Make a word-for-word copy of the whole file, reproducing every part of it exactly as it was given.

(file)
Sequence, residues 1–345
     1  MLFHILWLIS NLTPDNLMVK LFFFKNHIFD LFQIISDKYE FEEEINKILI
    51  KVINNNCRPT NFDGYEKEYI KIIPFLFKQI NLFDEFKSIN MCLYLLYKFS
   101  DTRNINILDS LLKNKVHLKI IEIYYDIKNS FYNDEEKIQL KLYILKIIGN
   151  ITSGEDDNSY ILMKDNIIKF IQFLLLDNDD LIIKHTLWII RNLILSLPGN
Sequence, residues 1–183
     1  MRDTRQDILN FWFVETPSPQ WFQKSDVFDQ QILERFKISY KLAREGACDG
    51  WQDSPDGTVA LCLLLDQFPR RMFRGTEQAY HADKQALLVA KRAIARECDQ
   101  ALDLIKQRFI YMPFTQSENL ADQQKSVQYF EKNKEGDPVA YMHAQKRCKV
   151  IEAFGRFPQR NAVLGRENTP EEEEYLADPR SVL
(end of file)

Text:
Sequence, residues 1–345
     1  MLFHILWLIS NLTPDNLMVK LFFFKNHIFD LFQIISDKYE FEEEINKILI
    51  KVINNNCRPT NFDGYEKEYI KIIPFLFKQI NLFDEFKSIN MCLYLLYKFS
   101  DTRNINILDS LLKNKVHLKI IEIYYDIKNS FYNDEEKIQL KLYILKIIGN
   151  ITSGEDDNSY ILMKDNIIKF IQFLLLDNDD LIIKHTLWII RNLILSLPGN
Sequence, residues 1–183
     1  MRDTRQDILN FWFVETPSPQ WFQKSDVFDQ QILERFKISY KLAREGACDG
    51  WQDSPDGTVA LCLLLDQFPR RMFRGTEQAY HADKQALLVA KRAIARECDQ
   101  ALDLIKQRFI YMPFTQSENL ADQQKSVQYF EKNKEGDPVA YMHAQKRCKV
   151  IEAFGRFPQR NAVLGRENTP EEEEYLADPR SVL